OPP Meeting Summary: EP JURI Committee – Respect for private life and the protection of personal data in electronic communications (ePrivacy Regulation) (7 September 2017)

A summary of the committee’s consideration of amendments is now available.

EP JURI Committee Meeting – 7 September 2017
18.  Respect for private life and the protection of personal data in electronic communications and repealing Directive 2002/58/EC (Regulation on Privacy and Electronic Communications)
JURI/8/08980
– Consideration of amendments
View related documents and the next stage of the procedure in the Policy Pipeline


The Rapporteur Axel Voss (EPP, DE) 

  • 470 amendments had been tabled in the Committee;
  • his position on the proposal was well known. He described the Commission’s proposal as a “medium-sized catastrophe” because it did not address the General Data Protection Regulation (GDPR);
  • users would find it incomprehensible why the same sets of data needed to be addressed by two different legislative regimes. It did not promote the data economy;
  • he stated that the amendments were varied, and he was curious about the compromises that could be “hammered out”.

Sylvia-Yvonne Kaufmann (S&D, DE) read out a statement on the behalf of  Mady Delvaux (S&D, LU)

  • her group did not follow the line of the Rapporteur. The ePrivacy Regulation was necessary to complete the GDPR;
  • it was important to protect the private lives of citizens while permitting the functioning and development of services;
  • from reading the amendments, it appeared that the other groups also supported the view of the S&D and she hoped that the Rapporteur would take this into consideration.

Max Andersson (Greens/EFA, SE)

  • his group supported the proposal and was broadly in agreement with the report in the LIBE Committee;
  • he was looking forward to the compromise amendments, and that he was worried about the timetable.

Isabella Adinolfi (EFDD, IT)

  • the EU was at vanguard of digital privacy but there was room for improvement;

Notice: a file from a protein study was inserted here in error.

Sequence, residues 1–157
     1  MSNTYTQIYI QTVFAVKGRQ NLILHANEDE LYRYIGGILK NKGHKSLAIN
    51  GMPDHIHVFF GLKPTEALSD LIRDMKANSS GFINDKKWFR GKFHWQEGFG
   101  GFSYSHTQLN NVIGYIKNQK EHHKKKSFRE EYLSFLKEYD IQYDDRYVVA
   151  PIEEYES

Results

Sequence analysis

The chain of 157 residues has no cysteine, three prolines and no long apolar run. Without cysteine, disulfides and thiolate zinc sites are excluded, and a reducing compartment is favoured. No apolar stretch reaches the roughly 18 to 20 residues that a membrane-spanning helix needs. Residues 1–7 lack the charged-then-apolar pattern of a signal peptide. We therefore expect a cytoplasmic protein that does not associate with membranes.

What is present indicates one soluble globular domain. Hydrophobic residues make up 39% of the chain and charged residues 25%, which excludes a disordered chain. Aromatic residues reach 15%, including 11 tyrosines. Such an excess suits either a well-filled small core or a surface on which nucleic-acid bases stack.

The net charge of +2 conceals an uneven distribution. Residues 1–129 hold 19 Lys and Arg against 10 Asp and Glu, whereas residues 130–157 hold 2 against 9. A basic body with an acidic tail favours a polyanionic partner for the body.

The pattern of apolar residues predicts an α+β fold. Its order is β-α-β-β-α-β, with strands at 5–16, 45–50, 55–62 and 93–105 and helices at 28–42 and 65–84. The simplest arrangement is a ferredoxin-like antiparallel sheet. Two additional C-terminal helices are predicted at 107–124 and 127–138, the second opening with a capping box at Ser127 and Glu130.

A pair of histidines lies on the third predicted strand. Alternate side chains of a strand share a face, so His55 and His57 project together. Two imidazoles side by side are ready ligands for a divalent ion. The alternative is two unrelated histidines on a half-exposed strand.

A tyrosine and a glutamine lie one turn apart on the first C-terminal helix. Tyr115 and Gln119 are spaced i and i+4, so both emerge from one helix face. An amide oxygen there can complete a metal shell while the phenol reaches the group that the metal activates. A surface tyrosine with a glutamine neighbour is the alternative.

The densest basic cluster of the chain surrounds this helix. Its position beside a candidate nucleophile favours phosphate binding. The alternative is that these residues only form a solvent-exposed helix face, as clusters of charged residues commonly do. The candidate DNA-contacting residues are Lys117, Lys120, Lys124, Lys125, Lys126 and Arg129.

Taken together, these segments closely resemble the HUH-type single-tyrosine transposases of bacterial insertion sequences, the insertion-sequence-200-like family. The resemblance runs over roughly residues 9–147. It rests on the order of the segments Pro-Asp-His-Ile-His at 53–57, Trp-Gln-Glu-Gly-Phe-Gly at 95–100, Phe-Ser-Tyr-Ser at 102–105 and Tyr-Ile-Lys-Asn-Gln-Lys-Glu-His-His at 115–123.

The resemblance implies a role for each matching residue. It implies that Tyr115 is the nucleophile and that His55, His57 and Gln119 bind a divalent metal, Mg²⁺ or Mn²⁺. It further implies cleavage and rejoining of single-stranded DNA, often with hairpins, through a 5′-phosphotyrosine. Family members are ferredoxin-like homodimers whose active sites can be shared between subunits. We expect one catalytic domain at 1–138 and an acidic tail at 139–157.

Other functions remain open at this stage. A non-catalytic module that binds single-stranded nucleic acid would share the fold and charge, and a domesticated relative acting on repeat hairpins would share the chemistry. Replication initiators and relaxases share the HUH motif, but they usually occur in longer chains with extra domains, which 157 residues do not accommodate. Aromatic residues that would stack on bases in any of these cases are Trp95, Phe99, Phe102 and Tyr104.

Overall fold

• she shared the concerns of the Rapporteur on the fact that the proposal referred to texts which were not yet in force;
  • the digital environment had specificities and it was technically complex. She thought it was important to have ad hoc measures that prevailed over more general rules;
  • her group felt that it was important to extend the scope of the proposal to metadata that was provided by major service providers because there was a wide variety of devices, including devices under the Internet of Things;
  • it needed to be ensured that the data did not leave the EU unnecessarily under the rules of the Privacy Shield.

Joëlle Bergeron (EFDD, FR)

  • she thought that it was legitimate that the Directive was being updated on the basis of technical advances;
  • the Commission’s text went in the right direction, and now it was up to the Parliament to make the necessary adjustments;
  • it was not going against the Charter of Fundamental Rights or the GDPR;
  • regarding Article 11, she stated that it was important that EU law prevailed over national law except in those cases where it affected the security and defence of Member States;
  • third-party cookies did not need to be banned. A proper framework for their use was necessary;
  • confidentiality and privacy rules had to be set in a proper framework and users should be able to refuse unsolicited communications.

Source: One Policy Place

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